The helpless trusts himself to you;
for you are the helper of the orphan.

Break the power of the wicked and the sinner!
Punish their wickedness till nothing remains!
The Lord is king for ever and ever.
The heathen shall perish from the land he rules.

Lord, you hear the prayer of the poor;
you strengthen their hearts; you turn your ear
to protect the rights of the orphan and oppressed:
so that mortal man may strike terror no more. Glory...

Psalm Prayer: Rise up, Lord, in defense of your people, do not hide your face from our troubles. Father of orphans, wealth of the poor, we rejoice in making you known; may we find comfort and security in times of pain and anxiety.

Antiphon 2 Lord, you know the burden of my sorrow.


Antiphon 3 The words of the Lord are true, like silver from the furnace.

Psalm 12
A cry for God's help against powerful opponents
The Father sent His Son into the world to defend the poor (St. Augustine)

Help, O Lord, for good men have vanished;
truth has gone from the sons of men.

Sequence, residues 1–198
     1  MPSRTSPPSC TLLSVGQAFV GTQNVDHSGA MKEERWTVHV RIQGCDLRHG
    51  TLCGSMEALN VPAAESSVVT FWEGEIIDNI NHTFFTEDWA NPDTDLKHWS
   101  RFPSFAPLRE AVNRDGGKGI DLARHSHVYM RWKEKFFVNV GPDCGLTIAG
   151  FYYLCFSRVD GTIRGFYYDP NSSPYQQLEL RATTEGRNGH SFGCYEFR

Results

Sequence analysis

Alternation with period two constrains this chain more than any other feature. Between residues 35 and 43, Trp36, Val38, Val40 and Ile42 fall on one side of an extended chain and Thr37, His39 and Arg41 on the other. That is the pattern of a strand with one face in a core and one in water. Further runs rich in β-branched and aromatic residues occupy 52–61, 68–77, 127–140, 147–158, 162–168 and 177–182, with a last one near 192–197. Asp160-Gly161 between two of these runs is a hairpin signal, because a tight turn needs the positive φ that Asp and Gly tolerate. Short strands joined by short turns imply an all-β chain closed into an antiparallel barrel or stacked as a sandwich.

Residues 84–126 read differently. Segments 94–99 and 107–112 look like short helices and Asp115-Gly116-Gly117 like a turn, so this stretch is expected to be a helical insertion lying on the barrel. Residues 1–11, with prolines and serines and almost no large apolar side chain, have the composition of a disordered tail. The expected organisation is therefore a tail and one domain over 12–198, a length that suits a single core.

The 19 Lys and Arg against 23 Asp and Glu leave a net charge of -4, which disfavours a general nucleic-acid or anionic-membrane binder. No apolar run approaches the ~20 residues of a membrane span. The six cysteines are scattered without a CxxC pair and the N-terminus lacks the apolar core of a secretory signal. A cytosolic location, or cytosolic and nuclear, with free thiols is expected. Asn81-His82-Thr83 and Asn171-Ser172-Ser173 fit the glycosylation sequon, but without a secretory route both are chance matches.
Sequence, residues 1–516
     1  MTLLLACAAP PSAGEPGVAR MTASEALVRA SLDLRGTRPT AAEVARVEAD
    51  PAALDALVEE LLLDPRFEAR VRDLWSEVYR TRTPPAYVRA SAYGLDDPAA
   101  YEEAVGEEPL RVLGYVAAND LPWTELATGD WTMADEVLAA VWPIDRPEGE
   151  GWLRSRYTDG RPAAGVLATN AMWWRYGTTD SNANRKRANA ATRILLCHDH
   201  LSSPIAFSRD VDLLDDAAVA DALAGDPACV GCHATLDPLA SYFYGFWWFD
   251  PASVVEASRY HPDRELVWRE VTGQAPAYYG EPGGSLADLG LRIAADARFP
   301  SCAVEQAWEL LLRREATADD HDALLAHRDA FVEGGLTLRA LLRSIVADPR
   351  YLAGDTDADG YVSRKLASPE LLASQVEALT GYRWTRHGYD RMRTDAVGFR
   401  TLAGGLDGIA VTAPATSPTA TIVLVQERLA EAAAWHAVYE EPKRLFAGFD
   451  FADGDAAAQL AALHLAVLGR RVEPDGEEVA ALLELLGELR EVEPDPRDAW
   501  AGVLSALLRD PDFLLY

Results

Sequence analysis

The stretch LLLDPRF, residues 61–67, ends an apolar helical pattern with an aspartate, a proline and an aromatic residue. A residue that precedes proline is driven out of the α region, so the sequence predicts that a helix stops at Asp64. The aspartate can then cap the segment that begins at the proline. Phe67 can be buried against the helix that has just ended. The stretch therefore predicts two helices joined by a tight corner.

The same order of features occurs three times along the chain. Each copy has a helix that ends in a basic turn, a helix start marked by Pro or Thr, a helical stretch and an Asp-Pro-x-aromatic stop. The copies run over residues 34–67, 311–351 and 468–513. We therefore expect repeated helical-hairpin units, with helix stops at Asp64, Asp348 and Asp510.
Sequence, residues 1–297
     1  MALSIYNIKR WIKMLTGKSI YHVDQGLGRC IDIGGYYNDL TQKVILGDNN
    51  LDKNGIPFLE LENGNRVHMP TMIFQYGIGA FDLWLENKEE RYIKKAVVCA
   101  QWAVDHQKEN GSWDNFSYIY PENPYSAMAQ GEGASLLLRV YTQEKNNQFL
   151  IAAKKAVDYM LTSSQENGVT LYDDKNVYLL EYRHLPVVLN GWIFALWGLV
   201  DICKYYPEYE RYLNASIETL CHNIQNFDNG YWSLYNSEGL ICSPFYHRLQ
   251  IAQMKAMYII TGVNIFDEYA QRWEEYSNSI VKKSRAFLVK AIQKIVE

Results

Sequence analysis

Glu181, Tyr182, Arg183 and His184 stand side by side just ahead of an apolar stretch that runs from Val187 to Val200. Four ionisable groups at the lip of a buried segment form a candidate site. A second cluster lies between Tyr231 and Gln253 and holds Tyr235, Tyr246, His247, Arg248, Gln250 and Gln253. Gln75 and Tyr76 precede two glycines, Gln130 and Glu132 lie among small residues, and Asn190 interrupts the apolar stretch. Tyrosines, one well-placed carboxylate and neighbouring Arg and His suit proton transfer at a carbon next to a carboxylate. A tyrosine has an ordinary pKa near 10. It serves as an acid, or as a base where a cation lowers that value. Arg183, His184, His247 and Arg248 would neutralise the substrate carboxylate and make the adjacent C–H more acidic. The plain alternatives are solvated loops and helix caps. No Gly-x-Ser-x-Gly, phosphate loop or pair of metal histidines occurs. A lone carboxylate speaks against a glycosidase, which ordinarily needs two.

Falsehood they speak one to another,
with lying lips, with a false heart.

May the Lord destroy all lying lips,
the tongue that speaks high-sounding words,
those who say: "Our tongue is our strength;
our lips are our own, who is our master?"

"For the poor who are oppressed and the needy who groan
I myself will arise," says the Lord,
"I will grant them the salvation for which they thirst."

The words of the Lord are words without alloy,
silver from the furnace, seven times refined.

It is you, O Lord, who will take us in your care
and protect us for ever from this generation.
See how the wicked prowl on every side,
while the worthless are prized highly by the sons of men. Glory....

Psalm Prayer: Your light is true light, Lord, and your truth shines like the day. Direct us to salvation through your life-giving words. May we be saved by always embracing your word.

Antiphon 3 The words of the Lord are true, like silver from the furnace.


The Lord teaches the humble His way
- He guides the gentle hearted along the right path.


FIRST READING

From the book of Job       Job 31:1-8,13-23,35-37

Job's appeal to the goodness of his life

Job said:

I have made an agreement with my eyes
  and entertained any thoughts against a maiden.

But what is man's lot from God above,
  his inheritance from the Almighty on high?
Is it not calamity for the unrighteous,
  and woe for evildoers? Does he not see my ways,
  and number all my steps?
Let God weigh me in the scales of justice;
  thus will he know my innocence!
If I have walked in falsehood
  and my foot has hastened to deceit;
If my steps have turned out of the way,
  and my heart has followed my eyes,